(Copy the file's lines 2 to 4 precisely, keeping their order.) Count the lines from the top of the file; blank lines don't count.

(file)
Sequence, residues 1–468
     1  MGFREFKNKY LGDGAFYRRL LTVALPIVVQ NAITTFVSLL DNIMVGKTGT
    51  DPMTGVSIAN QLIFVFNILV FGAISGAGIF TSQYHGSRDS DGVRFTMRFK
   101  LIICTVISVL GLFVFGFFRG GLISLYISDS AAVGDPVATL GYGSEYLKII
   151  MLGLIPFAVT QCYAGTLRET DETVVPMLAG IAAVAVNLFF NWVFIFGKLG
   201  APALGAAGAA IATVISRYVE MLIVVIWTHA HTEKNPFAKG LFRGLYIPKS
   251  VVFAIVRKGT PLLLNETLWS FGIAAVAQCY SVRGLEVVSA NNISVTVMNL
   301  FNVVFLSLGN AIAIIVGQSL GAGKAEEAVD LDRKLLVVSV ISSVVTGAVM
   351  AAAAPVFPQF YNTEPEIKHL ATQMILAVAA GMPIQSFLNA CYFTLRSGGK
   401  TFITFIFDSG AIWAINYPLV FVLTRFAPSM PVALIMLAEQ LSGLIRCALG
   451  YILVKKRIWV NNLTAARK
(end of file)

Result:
     1  MGFREFKNKY LGDGAFYRRL LTVALPIVVQ NAITTFVSLL DNIMVGKTGT
    51  DPMTGVSIAN QLIFVFNILV FGAISGAGIF TSQYHGSRDS DGVRFTMRFK
   101  LIICTVISVL GLFVFGFFRG GLISLYISDS AAVGDPVATL GYGSEYLKII